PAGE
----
When it inspects supplements, Informed-Choice looks for contamination from all types of steroids, as well as methamphetamine-type compounds and stimulants including DMAA, PMBHA, ephedrine, oxilofrine, and the anti-asthmatic medicine, higenamine. Informed-Choice pays attention to a long, long list of threats so the rest of us don't have to.
"Would the presence of a methamphetamine compound be a good thing for someone taking heart medication?" Holmes asks rhetorically.
Improving Consumer Confidence in Supplement Quality
Holmes says the market for supplement testing is now being driven by manufacturers and retailers who see the wisdom and the competitive advantage of being able to certify that their products are free of banned substances. This is an incredibly complex process that takes a long time, and delays the launch of new products. But now more than ever, supplement companies are realizing that when consumers can choose between supplements that have been tested for banned substances and those that haven't, it's really no choice at all.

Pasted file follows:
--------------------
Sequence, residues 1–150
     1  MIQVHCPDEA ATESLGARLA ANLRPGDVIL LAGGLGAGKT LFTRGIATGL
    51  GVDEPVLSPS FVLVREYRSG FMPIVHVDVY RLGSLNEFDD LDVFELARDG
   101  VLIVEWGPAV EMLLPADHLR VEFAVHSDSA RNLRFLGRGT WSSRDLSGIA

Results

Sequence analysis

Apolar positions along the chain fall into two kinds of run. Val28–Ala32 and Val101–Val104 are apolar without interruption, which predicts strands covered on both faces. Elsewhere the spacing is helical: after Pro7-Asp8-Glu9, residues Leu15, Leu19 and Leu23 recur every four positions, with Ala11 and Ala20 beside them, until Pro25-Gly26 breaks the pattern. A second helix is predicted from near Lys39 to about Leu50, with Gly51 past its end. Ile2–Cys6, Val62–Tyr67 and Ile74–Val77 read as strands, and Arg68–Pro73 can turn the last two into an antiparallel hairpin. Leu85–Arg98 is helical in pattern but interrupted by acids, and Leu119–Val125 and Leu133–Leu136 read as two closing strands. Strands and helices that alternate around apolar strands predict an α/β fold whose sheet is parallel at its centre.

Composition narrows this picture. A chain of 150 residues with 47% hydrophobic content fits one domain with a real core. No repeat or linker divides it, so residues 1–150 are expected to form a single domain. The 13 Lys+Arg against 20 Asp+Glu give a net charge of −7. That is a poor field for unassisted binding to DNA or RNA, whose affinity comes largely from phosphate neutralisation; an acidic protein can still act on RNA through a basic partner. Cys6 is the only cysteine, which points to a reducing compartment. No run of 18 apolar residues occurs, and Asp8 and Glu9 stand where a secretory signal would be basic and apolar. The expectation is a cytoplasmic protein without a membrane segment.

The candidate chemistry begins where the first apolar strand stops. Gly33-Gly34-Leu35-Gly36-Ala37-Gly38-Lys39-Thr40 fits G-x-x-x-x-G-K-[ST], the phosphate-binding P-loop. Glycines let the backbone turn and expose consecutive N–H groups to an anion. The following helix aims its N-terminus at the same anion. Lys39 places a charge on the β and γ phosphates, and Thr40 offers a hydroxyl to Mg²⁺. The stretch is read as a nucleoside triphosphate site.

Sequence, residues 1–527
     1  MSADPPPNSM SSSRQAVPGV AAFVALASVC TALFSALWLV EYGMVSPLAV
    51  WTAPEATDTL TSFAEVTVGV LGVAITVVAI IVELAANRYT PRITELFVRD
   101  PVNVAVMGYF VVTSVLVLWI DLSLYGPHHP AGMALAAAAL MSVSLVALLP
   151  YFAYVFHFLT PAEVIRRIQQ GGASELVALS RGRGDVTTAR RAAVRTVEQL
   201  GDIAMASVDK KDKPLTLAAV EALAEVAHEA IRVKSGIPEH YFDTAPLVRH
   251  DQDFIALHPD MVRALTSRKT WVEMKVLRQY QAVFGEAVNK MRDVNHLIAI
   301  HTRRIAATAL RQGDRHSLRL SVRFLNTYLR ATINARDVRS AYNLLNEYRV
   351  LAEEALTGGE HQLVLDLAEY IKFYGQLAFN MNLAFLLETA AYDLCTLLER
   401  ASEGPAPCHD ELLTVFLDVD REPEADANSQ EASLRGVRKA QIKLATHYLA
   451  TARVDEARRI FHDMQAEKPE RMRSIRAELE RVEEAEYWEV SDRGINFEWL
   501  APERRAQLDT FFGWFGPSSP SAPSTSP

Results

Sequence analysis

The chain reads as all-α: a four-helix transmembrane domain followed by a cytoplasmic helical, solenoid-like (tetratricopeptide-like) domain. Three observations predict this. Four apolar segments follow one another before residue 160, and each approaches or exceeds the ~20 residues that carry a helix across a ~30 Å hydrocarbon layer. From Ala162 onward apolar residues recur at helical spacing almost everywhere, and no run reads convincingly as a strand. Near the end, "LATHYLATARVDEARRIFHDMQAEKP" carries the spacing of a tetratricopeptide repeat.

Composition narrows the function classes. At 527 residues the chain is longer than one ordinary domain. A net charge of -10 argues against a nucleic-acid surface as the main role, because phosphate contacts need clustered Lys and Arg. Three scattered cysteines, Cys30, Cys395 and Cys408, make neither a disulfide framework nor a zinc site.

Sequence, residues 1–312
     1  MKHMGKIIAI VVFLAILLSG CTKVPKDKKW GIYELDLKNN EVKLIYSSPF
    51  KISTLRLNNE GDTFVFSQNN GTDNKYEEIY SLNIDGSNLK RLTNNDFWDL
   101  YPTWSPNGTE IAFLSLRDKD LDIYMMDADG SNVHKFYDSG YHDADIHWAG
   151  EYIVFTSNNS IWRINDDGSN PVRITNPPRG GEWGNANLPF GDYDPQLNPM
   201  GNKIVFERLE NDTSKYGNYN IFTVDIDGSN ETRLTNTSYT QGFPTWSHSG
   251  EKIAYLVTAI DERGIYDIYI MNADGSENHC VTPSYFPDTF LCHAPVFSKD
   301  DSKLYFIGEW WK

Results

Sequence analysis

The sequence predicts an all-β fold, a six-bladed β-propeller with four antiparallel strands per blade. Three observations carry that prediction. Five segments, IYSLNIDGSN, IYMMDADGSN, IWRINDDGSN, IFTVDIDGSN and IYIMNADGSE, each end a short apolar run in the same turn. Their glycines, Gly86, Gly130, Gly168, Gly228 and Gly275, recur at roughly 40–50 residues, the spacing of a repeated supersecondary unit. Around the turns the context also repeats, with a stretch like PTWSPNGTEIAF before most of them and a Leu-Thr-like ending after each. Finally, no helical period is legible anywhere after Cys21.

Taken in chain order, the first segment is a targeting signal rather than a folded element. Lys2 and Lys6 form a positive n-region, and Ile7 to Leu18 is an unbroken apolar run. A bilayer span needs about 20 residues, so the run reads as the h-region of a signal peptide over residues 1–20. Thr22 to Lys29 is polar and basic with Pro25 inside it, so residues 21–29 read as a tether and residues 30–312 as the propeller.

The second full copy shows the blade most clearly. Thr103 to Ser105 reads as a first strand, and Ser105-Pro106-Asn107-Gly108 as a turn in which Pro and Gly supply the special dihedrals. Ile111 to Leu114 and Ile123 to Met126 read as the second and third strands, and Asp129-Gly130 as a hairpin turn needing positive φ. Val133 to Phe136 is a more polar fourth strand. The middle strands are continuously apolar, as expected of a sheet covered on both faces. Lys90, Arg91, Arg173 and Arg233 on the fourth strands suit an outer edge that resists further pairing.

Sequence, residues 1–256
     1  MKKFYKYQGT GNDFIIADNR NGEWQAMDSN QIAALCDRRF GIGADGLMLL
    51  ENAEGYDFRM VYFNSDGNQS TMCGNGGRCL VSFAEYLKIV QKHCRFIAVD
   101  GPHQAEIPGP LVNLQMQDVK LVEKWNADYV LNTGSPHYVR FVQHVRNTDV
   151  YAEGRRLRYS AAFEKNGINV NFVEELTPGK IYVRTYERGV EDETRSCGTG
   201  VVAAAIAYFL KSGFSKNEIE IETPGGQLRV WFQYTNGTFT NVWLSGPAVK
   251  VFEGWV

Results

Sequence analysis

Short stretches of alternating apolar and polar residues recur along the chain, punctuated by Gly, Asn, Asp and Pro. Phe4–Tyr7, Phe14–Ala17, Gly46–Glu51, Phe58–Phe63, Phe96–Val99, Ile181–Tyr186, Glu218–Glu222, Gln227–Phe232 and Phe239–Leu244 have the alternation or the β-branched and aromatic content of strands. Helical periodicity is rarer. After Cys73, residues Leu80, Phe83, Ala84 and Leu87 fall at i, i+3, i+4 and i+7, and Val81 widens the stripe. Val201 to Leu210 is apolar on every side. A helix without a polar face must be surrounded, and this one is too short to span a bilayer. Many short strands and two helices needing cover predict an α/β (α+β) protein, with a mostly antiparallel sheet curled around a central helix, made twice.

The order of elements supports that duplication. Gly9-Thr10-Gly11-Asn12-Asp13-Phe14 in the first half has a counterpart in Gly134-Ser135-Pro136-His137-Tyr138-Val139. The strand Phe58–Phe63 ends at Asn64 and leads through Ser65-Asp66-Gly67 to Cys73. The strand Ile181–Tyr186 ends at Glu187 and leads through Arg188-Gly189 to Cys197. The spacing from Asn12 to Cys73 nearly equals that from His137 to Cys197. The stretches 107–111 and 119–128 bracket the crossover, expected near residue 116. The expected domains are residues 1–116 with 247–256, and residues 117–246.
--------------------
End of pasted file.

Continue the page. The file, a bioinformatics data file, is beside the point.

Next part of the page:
"Customers want this kind of testing," Holmes says. "People will pay top dollar for their supplements, as they will for high-quality meats and vegetables, because they care about what's going into their body. Just like other organizations certify that a food is organic or gluten-free, Informed-Choice's certification assures consumers that the nutritional supplements they choose are safe for themselves and their children."
How to See if Your Supps Make the Grade